The Great Recession
nytheatre.com review by David Ian Lee
December 3, 2009
To call The Great Recession timely would be a gross understatement. Rather, this collection of six short plays currently receiving their world premieres at the Flea Theatre—and featuring the Flea's young resident company, The Bats—feels to me like a definitive meditation on the zeitgeist of our cash-strapped nation and the fearful potentialities of a continued downward spiral.
Adam Rapp's self-directed Classic Kitchen Timer opens the evening with Brechtian panache, all but erasing any boundary between audience and ensemble, between scenario and security. A grease-painted Host (the mesmeric Nick Maccarone) welcomes the audience with a giddy joke and a theatrical cautionary mantra (Phones: Off. Candies: Out) before explicating the cruel state of affairs to which we bare witness: Lucy (Sarah Ellen Stephens) sits, emotionally vacated, in preparation to slaughter the baby upstage; she been practicing on watermelons, the gruesome evidence of which lay as chattel. Should Lucy dismember the cooing tot, she'll receive a financial reward that may almost compensate for her recent layoff.
Rapp's play makes for a bold and disquietingly engaging first volley. Over the next 90 minutes, topics of fiscal reliance and social debasement are lobbed about with the variation and velocity of an arena event, made all the more gripping by the unforgiving intimacy of the Flea's space. The eclectic evening includes scenes of humor and abstraction, including Fucked, Itamar Moses's sullied twist on romantic comedy (directed by Michelle Tattenbaum), and Erin Courtney's oddly surreal chance-meeting amongst New Yorkers in search of communion and quick coin, Severed (directed by Davis McCallum). The night closes with Will Eno's Unum, the circuitous story of a piece of legal tender, which takes as its title a parsing from the Latin inscription on American currency; Flea founder /artistic director Jim Simpson directs with poignant efficiency.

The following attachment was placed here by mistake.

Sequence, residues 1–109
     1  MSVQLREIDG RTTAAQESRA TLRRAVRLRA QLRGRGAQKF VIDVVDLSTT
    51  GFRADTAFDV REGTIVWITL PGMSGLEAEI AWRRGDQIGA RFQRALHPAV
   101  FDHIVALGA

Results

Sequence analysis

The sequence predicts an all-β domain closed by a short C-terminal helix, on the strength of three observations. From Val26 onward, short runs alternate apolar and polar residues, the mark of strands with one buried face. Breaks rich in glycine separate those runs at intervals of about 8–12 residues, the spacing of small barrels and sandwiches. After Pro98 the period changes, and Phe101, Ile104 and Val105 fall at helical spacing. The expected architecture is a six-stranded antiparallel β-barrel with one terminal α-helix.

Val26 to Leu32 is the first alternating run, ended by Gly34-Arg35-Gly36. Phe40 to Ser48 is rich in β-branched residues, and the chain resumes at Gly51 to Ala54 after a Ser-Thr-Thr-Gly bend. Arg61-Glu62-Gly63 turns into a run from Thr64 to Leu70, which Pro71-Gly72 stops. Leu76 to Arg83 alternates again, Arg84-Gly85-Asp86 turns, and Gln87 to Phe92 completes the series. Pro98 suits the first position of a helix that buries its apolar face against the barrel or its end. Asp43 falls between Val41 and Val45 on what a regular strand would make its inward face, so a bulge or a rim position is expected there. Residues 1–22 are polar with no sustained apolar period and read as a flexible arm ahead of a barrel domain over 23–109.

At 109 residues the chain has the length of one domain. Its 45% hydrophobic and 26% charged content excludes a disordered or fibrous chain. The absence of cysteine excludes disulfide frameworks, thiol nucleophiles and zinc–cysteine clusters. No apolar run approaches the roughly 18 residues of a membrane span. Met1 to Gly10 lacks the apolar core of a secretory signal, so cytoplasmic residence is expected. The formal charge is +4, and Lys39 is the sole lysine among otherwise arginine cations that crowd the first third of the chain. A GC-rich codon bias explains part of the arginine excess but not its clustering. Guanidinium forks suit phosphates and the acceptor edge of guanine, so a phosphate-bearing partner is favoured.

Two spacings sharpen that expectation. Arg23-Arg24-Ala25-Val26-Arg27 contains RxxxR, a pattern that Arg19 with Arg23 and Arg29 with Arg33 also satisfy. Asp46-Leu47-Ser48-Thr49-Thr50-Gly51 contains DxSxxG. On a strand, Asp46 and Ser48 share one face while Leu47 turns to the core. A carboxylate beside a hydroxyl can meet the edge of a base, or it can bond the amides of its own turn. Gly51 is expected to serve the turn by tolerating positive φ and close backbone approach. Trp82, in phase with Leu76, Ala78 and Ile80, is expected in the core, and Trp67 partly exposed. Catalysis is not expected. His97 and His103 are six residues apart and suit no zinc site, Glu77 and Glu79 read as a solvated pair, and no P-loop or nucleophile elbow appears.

For laughs-per-minute, it's hard to beat Thomas Bradshaw's New York Living, a very funny look at the familiar compromises made by artists to live and love in the Big Apple. An actor and an actress in rehearsal of a hot 'n' heavy play develop revulsion for and then feelings toward one another, while their lecherous director manipulates the situation for puerile amusement. Raul Sigmund Julia and Anna Greenfield offer gamesome performances as the pelvic performers, and Andy Gershenzon is wily as their coltish director. Morgan Reis takes a fine turn as a caustic Manhattanite who would rather grab her ankles than visit the boroughs. Director Ethan McSweeny presents Bradshaw's play with the toxic innocence of an after-school special; broad smiles conceal stealthy smirks and winks land with the precision of laser-guided missiles.
But the evening belongs to Recess, Sheila Callaghan's end-of-the-world nightmare pastiche, directed with queasy verisimilitude by Kip Fagan. Set in "a pristine but old as hell studio apartment somewhere in Manhattan," Recess imagines a Lord of the Flies scenario, in which 11 disparate young souls squat and starve and cling to existence; this is the anti-Rent. The play features graphic promiscuity and gruesome violence as alternatives to oral communication, as the broken individuals on display struggle to connect in a world of downsized compassion. In its most chilling, final moments, the survivors of Recess find themselves united by David Bowie's rabbit hole anthem "Life On Mars," the lyrics to which are sure to haunt conscientious audience members long into the night.
Across the diverse playscapes of The Great Recession there are thoughtful winds of discontent. Complacency is eviscerated, and hope born of sentimentality isn't even allowed through the door. Though most of the plays appear to take place in a world two or three warped degrees away from our own, they hum with a vibrancy and immediacy that demands contemplation long after the house lights have risen. Whether or not our economic woes will see a turnaround in the near or far future, or whether we as a people will learn from history, remains to be seen, yet the prospects after an evening with the Bats seem a little brighter.
Too often, festival presentations of one-acts play as hodgepodges of intermittently related material, with grievous shifts in tone and quality. Such is not the case with The Great Recession: the evening's connective tissue has been cultivated with fiendish wit and propinquity. Expedient scene shifts are shaped by character (and are sprinkled with good-natured nudity; this brilliantly serves the double purpose of inoculating the audience from the shock of flesh later bared for darker purposes), and though few of the actors appear in multiple roles, the ensemble feels as tight-knit as the tiniest of repertories. Indeed, when the full 50-plus person cast appears for their curtain call, there is additional awe and wonder in the uniformity and collective spirit of such a large company. As a parting salutation, the curtain call itself is staged with humility and genuine gratitude. The Great Recession earned a standing ovation the night I attended, though the production virtually necessitated one after this graceful, final touch.